Jose and I got married in 2006. The following year, I discovered that he was also married to another woman in 2003, and this was the reason of our separation. Jose continues to meddle with my private life even though we are now separated-in-fact; hence, I would like to file a case for bigamy against him. I relayed to him that I will be filing a case against him for bigamy if he will not stop meddling with my life. Jose just laughed at me when he heard my statement, and he said that such case will not prosper, because his first marriage is allegedly void for lack of a marriage license. What will happen to the criminal case for bigamy if he can prove that he contracted his first marriage without a marriage license?
Jose’s claim that the case of bigamy will not prosper, because his first marriage is void for lack of marriage license, has no legal basis. This is pursuant to Article 40 of the Family Code of the Philippines, which states that “the absolute nullity of a previous marriage may be invoked for purposes of remarriage on the basis solely of final judgement declaring such previous marriage void.” Your marriage with Jose is bigamous, because he contracted the said marriage without any court order/decision declaring his first marriage as void.
Bigamy is punishable under Article 350 of the Revised Penal Code of the Philippines. Under the said provision of law, it is stated that “the penalty of prision mayor shall be imposed upon any person who shall contract a second or subsequent marriage before the former marriage has been legally dissolved, or before the absent spouse has been declared presumptively dead by means of a judgement rendered in the proper proceedings.”
In the case of Mercado vs. Tan (G.R. No. 137110, August 1, 2000), Honorable former Chief Justice Artemio V. Panganiban said that:
“The elements of bigamy are the following:
1. That the offender has been legally married;
2. That the marriage has not been legally dissolved or, in case his or her spouse is absent, the absent spouse could not yet be presumed dead according to the Civil Code;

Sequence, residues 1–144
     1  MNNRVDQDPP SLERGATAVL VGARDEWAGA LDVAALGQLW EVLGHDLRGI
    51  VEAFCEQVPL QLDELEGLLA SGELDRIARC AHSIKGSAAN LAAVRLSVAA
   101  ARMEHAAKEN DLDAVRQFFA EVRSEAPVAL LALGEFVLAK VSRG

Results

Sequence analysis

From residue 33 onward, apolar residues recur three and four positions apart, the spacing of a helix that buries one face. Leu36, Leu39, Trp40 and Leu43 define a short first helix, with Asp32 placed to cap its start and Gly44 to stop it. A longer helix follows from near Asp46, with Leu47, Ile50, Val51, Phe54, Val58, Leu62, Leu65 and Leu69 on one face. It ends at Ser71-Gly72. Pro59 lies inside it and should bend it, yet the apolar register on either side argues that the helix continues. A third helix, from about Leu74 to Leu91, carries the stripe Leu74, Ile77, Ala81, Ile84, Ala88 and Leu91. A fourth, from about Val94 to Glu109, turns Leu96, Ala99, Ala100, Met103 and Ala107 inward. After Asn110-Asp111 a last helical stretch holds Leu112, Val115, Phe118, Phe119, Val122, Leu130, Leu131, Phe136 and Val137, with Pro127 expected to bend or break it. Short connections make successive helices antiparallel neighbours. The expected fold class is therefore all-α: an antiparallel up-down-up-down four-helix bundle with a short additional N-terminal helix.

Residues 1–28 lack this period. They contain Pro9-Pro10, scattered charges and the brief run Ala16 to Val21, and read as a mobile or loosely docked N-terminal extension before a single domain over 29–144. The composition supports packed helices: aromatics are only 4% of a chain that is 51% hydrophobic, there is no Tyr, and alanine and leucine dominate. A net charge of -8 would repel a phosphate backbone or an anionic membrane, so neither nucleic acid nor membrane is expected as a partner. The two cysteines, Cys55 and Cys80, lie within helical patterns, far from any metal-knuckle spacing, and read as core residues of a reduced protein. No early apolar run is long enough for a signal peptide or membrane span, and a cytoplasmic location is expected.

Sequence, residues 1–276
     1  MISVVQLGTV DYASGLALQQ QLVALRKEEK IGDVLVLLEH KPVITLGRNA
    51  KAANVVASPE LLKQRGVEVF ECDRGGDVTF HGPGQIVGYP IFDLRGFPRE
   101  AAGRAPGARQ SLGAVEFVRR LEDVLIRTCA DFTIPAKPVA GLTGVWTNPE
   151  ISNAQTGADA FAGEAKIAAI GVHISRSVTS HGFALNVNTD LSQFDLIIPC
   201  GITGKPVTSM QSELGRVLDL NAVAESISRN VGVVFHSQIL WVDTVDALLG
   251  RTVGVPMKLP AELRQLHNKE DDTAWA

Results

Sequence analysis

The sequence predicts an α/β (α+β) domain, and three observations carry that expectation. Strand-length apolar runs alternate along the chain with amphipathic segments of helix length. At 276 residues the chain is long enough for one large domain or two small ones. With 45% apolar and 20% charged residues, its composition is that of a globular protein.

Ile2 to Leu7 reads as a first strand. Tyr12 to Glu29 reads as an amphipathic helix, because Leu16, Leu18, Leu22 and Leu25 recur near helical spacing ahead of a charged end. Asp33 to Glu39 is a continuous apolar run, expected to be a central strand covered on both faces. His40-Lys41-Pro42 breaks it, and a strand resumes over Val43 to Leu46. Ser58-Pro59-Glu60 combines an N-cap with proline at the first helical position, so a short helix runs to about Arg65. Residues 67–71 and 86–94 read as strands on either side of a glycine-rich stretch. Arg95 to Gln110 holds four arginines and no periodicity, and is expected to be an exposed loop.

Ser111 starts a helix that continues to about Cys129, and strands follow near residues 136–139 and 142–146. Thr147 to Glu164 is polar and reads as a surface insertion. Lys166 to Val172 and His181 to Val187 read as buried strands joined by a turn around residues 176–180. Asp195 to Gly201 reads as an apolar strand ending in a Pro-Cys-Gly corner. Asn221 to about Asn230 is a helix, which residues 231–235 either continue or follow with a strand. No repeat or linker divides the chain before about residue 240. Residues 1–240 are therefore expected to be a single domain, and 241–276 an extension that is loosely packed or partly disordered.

3. That he contracts a second or subsequent marriage;
4. That the second or subsequent marriage has all the essential requisites for validity.”
Jose committed the crime of bigamy, because all the elements mentioned above are present. He contracted his first marriage with his first wife in 2003, and he again entered into another marriage contract in 2006, without any court decision declaring his previous marriage void or annulled.
Please be guided also by the decision of the court in the case of Vitangcol vs. People of the Philippines (G.R. No. 207406, January 13, 2016), where the Supreme Court through Honorable Associate Justice Marvic M.V.F. Leonen, ruled that:
“Assuming without conceding that petitioner’s first marriage was solemnized without a marriage license, petitioner remains liable for bigamy. Petitioner’s first marriage was not judicially declared void. Nor was his first wife Gina judicially declared presumptively dead under the Civil Code. The second element of the crime of bigamy is, therefore, present in this case.
As early as 1968, this court held in Landicho v. Relova, et al. that parties to a marriage should not be permitted to judge for themselves its nullity, only competent courts having such authority. Prior to such declaration of nullity, the validity of the first marriage is beyond question. A party who contracts a second marriage then assumes the risk of being prosecuted for bigamy.”
Applying the abovementioned decision in your case, Jose’s claim that his first marriage is void for lack of marriage license cannot absolve him from the crime of bigamy. He is still liable, because he contracted a second marriage without his first marriage annulled or declared void by the court.
We hope that we were able to answer your queries. Please be reminded that this advice is based solely on the facts you have narrated and our appreciation of the same. Our opinion may vary when other facts are changed or elaborated.
Editor’s note: Dear PAO is a daily column of the Public Attorney’s Office. Questions for Chief Acosta may be sent to firstname.lastname@example.org.